08 March 2010

Right to info - SC judges don't get it, still

It appears that the Supreme Court (SC) has decided to appeal against the single judge and the 3 judge bench orders of the Delhi High Court asking it to comply with the right to information Act. See my previous posts on the issue here and here. As the case is quite clear, an appeal and a hearing before the Supreme Court itself (where it is an interested party) betrays a poor judgment of the judges of the highest court.

While much has been written about the ruling, commentators are drawing the wrong point from the whole issue. The issue is not about judges disclosing their assets under the RTI. In fact, the RTI protects the privacy of persons in office and does not mandate such disclosures except in extreme cases.

Disclosure of assets really owes its origin instead to the Association of Democratic Reform's (ADR) writ petition seeking transparency from those who stand for elections - a case where the Supreme Court ordered those standing in parliamentary elections to disclose their assets and criminal records (in separate rulings). There is also some resolution arising out of a meeting of judges in 1997 which is relied on to mandate disclosures - I haven't seen the resolution but wonder whether it has any legal sanctity as opposed to a moral force.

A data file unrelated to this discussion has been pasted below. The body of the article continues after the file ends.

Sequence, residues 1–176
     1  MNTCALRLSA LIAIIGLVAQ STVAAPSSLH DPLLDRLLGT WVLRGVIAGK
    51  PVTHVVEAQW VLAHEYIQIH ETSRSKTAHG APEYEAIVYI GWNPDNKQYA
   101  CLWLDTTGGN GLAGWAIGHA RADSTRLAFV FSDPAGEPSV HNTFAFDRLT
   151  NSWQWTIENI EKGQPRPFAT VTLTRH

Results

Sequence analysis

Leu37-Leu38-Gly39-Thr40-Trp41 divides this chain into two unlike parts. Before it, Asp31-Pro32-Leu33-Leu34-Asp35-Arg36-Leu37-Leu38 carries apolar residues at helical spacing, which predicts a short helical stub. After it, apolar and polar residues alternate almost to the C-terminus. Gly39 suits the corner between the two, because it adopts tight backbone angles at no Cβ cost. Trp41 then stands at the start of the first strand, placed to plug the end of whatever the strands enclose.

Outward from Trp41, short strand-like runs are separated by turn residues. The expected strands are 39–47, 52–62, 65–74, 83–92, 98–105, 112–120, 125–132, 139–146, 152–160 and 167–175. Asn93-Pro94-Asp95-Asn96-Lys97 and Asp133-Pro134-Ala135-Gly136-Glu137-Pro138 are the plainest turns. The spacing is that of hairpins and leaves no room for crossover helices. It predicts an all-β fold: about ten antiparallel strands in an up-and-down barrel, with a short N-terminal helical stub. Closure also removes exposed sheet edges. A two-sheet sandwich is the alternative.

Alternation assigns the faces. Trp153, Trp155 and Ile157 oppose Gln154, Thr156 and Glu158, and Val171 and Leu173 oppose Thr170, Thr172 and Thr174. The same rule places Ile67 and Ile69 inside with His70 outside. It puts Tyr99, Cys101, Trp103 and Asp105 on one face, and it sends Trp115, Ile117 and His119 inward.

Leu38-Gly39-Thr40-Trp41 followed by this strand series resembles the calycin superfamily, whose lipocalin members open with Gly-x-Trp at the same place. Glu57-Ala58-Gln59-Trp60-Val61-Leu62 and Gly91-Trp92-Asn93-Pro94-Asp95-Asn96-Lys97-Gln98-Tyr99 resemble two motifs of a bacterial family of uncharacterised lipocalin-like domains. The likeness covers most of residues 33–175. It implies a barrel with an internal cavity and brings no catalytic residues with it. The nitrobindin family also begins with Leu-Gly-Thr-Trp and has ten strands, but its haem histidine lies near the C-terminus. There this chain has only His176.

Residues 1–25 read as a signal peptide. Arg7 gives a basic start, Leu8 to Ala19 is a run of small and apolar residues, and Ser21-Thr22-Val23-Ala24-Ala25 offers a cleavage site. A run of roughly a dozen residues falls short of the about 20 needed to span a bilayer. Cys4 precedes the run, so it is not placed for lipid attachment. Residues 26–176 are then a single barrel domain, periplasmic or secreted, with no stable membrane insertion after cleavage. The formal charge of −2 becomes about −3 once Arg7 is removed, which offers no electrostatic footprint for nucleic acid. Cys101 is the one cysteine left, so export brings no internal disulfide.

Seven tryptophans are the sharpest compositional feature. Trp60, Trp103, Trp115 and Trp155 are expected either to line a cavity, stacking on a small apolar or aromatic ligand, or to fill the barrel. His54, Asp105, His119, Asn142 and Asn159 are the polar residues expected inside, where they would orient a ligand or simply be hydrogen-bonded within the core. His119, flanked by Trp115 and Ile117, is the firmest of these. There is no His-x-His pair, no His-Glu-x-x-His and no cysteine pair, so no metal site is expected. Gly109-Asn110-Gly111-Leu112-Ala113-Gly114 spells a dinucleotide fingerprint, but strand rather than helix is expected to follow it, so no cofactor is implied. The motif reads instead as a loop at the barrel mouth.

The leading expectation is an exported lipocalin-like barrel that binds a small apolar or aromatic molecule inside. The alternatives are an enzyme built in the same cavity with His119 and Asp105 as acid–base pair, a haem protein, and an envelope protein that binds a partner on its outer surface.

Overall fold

While it would be great if judges disclosed their assets out of their compunctions, the RTI Act is the law of the land and the will of the people; there is no option but to comply with it, whether a person or a group of persons likes it or not.

Note: The RTI query and the SC's reply can be found linked here.

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